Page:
Thus, the court will reserve ruling on the motion to withdraw the reference. If plaintiff Pamela L. Traylor is successful in her remand motion, the motion to withdraw the reference, of course, will be moot. If the bankruptcy court denies said motion, then the court will proceed with a determination of whether the reference should be withdrawn.

 
CONCLUSION

Accordingly, it is CONSIDERED and ORDERED that the court will RESERVE ruling on the motion to withdraw the reference pending resolution of plaintiff Pamela L. Traylor's motion for reconsideration of the motion to remand.

It is further CONSIDERED and ORDERED that plaintiff Pamela L. Traylor's motion for reconsideration of the motion to remand be and the same is hereby REFERRED to the bankruptcy court for a ruling thereon and certification of said ruling to this court.

NOTES

[1] The court construes Pamela L. Traylor's motion to remand as a motion for reconsideration of the bankruptcy court's ruling denying the motion to remand.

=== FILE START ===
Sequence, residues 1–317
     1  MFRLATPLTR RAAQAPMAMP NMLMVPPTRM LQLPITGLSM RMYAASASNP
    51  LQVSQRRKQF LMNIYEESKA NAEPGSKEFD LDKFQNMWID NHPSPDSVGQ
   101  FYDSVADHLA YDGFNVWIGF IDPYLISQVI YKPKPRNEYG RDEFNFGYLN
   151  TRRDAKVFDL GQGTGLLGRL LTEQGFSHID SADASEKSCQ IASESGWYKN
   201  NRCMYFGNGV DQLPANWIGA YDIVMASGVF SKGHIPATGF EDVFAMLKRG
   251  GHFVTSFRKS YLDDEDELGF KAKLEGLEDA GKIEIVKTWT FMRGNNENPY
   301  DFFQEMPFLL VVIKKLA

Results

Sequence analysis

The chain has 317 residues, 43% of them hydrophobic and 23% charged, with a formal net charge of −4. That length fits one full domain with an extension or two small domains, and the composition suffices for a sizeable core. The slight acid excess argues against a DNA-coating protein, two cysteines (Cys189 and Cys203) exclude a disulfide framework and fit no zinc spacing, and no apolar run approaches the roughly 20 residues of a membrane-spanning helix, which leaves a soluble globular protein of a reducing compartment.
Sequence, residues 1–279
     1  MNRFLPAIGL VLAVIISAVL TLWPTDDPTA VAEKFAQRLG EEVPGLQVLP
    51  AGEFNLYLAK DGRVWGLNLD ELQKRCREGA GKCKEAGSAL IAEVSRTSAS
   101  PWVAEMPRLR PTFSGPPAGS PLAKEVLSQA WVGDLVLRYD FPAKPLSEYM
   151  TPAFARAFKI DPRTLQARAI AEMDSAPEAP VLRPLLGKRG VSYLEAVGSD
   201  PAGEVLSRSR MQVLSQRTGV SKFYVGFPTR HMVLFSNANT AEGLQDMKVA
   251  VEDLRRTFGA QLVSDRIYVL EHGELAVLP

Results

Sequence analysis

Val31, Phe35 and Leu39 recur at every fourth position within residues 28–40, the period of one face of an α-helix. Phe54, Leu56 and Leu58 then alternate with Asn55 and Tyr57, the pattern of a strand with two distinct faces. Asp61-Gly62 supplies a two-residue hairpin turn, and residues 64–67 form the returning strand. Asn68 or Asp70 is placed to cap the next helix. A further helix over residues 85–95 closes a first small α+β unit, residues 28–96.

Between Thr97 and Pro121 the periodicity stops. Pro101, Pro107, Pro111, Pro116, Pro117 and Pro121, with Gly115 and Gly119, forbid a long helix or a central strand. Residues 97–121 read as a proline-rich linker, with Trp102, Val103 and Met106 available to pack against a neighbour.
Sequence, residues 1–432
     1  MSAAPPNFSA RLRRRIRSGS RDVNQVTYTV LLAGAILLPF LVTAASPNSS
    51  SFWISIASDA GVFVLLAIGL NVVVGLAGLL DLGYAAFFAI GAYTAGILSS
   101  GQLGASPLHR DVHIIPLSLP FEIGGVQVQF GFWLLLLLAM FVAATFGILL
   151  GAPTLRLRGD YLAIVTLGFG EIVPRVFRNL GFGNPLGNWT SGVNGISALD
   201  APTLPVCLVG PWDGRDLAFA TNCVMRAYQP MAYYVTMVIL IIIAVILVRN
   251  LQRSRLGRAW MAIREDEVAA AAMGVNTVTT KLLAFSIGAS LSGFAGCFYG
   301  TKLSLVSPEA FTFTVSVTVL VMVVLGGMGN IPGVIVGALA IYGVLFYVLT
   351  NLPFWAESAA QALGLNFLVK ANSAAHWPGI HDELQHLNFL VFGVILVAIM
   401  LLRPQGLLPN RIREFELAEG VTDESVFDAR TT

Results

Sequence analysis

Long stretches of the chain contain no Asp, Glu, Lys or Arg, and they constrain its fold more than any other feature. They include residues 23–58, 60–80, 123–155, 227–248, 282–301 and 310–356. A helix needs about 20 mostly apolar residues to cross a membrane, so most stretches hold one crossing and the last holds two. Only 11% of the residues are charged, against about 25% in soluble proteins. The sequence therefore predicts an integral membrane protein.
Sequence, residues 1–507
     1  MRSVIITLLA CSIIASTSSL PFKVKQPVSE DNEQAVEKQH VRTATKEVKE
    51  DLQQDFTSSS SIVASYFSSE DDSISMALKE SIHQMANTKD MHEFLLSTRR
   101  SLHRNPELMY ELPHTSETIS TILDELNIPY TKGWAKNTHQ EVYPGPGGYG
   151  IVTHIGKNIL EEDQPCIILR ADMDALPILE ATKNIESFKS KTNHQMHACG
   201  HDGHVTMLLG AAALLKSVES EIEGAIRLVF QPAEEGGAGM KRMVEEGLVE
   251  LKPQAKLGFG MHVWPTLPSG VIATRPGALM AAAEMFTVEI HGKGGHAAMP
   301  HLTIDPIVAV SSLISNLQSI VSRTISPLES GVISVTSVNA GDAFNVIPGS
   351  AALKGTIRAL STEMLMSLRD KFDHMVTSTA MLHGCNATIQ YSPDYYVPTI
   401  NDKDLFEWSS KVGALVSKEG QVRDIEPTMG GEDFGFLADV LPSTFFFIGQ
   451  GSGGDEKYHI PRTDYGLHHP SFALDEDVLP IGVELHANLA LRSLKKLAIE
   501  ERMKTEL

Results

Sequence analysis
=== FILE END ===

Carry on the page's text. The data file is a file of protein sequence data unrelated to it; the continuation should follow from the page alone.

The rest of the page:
[2] Until the present, this case has been pending within the jurisdiction of the United States Bankruptcy Court. However, the plaintiff's motion to withdraw the reference shifts jurisdiction to the district court for a ruling on said motion, as Rule 5011(a) of Title 11 of the Federal Rules of Bankruptcy Procedure requires a district court to hear a motion to withdraw the reference.

[3] First Family Financial Services of Alabama, Inc. also is named as a defendant in this action. See Pl.s' Compl. at ¶ 6.

[4] Billy and Linda Traylor are husband and wife. Pamela is their daughter.

[5] The plaintiffs contend that all payments were current and that they were not in default on the loan.

[6] Since the filing of the complaint, the bankruptcy court has dismissed Billy and Linda Traylor as plaintiffs and substituted the bankruptcy trustee to represent the interests of the estate.

[7] The bankruptcy case was re-opened on April 3, 1993.

[8] While generally all defendants must join in the removal of a case, First Family Financial Services, Inc. asserts that there is no entity named First Family Financial Services of Alabama, Inc. See Def.'s Notice of Removal at ¶ 12.

[9] The court finds it worthy to note that but for jurisdiction under § 1334, it appears that removal would be improper.